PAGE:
You probably understand the importance of having a good credit score when buying a house. But like a lot of people, you may believe that credit doesn’t matter when renting a house or an apartment.
Although renting is practically the only option for people who cannot purchase because of their credit history, some landlords are tightening the credit standards and only approving those with a satisfactory credit history. So, whereas a history of late payments, collection accounts, judgments or a bankruptcy may not have affected a rental application in the past, they may now.
But while it’s challenging to rent an apartment or house with bad credit, there are options.
Obviously, this is much easier to do than say. But if you spend the next 6 to 12 months cleaning up your credit report, you’re in a better position to rent an apartment or house with bad credit. Your credit doesn’t have to be perfect, but at least show that you’re making improvements.
Pay your bills on time and pay down credit card debt. Both moves account for a large percentage of your credit score. Add positive information to your report and you will add points to your score.
The minimum credit score to qualify for a rental varies by landlord. However, adding as little as 10 to 15 points to your credit score can make a world of difference. Even if your credit score isn’t the best, if the landlord sees that your recent activity has been positive, he may loosen the requirements and approve your application.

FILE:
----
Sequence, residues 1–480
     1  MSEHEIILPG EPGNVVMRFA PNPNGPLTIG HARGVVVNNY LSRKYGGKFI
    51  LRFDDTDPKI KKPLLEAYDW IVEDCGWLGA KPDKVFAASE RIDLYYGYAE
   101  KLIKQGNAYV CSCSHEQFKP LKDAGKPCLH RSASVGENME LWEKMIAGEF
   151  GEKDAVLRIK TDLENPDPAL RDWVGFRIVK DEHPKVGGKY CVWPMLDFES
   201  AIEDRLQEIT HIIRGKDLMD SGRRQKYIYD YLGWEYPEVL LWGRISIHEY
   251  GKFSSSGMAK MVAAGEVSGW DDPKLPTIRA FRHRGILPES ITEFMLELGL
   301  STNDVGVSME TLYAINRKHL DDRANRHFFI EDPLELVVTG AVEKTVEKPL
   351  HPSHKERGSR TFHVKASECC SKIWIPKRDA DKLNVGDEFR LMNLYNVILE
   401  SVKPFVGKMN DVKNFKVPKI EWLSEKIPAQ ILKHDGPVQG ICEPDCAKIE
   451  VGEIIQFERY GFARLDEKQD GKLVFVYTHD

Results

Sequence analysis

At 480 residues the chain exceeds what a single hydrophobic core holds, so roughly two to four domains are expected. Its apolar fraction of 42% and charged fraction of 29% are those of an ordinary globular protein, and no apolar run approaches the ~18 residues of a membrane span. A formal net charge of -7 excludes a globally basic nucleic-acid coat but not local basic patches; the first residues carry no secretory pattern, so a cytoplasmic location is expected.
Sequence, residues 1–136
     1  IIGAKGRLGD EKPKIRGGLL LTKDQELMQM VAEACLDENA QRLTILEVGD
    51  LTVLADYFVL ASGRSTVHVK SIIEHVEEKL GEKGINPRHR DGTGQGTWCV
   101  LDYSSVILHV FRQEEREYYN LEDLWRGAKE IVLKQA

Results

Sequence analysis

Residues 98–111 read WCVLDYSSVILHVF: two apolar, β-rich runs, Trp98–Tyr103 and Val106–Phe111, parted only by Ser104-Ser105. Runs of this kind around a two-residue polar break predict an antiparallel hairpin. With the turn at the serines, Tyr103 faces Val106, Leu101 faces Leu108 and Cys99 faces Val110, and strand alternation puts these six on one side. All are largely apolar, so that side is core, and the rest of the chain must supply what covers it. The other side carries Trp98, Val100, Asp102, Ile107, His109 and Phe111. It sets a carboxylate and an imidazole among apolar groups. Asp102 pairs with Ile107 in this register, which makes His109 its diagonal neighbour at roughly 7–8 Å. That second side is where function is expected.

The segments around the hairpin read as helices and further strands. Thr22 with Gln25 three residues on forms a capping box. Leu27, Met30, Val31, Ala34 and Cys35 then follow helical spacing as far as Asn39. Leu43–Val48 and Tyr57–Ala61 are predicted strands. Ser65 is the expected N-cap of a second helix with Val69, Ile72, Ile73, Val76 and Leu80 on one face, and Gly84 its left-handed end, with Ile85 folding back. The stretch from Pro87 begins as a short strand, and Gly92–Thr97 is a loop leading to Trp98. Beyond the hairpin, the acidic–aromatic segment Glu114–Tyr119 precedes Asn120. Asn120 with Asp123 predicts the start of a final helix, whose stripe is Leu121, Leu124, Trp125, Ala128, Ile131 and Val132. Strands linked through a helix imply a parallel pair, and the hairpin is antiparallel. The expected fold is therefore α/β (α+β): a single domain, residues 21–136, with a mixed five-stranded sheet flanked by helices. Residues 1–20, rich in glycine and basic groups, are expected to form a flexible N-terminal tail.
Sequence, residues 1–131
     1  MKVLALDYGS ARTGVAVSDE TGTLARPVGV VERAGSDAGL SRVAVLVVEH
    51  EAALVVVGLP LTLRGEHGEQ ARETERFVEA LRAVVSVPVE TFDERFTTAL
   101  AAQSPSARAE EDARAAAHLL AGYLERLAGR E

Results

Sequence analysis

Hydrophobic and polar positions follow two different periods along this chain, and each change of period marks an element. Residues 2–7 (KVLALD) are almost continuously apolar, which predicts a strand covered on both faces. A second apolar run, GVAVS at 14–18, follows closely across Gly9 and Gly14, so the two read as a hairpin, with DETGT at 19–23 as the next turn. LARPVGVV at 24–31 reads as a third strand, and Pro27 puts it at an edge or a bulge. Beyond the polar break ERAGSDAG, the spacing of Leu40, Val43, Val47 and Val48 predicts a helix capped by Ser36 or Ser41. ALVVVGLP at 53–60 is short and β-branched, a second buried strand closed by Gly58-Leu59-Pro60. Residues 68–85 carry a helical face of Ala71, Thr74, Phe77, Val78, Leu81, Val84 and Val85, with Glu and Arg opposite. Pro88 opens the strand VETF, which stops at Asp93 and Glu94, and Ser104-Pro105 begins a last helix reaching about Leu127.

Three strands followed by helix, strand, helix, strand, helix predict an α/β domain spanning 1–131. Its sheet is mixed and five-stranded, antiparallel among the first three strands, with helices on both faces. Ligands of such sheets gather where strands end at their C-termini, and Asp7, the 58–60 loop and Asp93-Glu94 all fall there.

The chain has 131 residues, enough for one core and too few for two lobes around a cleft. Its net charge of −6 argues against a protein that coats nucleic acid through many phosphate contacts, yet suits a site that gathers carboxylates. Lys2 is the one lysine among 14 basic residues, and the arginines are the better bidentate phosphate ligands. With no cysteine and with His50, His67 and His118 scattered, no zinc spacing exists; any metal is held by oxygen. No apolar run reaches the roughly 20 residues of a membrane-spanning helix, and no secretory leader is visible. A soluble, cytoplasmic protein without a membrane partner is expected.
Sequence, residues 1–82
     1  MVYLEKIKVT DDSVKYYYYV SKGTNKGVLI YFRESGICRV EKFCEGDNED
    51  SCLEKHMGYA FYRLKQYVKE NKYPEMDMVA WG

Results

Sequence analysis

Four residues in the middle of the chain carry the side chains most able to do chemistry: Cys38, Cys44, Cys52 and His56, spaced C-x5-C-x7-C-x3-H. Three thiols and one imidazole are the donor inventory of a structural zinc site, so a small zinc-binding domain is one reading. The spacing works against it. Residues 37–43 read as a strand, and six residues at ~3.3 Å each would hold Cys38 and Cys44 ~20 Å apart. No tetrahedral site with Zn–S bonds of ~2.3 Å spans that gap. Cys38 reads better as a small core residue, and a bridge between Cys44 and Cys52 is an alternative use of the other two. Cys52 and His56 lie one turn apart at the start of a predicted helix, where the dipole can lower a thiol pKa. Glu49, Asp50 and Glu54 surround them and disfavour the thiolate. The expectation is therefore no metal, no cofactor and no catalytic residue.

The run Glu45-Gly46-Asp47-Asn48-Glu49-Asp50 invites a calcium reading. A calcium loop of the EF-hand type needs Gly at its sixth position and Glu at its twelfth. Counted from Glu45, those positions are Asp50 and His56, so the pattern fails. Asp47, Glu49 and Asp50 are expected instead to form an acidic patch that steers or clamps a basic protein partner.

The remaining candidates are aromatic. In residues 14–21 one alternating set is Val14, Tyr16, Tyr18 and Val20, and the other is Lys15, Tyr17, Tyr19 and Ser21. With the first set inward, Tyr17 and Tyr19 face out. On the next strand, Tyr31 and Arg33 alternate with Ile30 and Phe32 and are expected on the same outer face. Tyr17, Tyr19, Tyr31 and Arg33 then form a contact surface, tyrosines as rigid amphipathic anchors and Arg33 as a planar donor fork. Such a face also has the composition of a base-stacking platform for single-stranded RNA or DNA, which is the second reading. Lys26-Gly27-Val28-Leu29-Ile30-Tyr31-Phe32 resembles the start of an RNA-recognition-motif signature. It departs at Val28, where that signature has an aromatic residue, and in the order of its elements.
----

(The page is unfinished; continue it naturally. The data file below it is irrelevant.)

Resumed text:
Depending on the landlord, they may overlook past credit problems if you have a stellar rental history. In other words, if you’ve never been evicted from an apartment and if you’ve always paid your rent on time, this can make up for past mistakes. For this to work, you will need recommendations from your previous landlords.
In the rental world, money talks. Landlords typically require a security deposit, plus first month’s rent. If you have bad credit and feel that this will jeopardize your chances of getting approved for a rental, offer more money.
Doubling the security deposit or paying a higher rent might be enough to compensate for your low credit score. The fact that you’re willing to go into your pocket and pay more shows the landlord your determination, and this can sway the decision in your favor.
If you have bad credit, it may be difficult to rent an apartment if you are the sole name on the lease. But if you have a roommate or if you add a cosigner, the landlord may take a chance with you.
The joint tenant or cosigner must have good credit. These individuals aren’t likely to compromise their high score, which practically guarantees that the landlord will receive a rent check every month.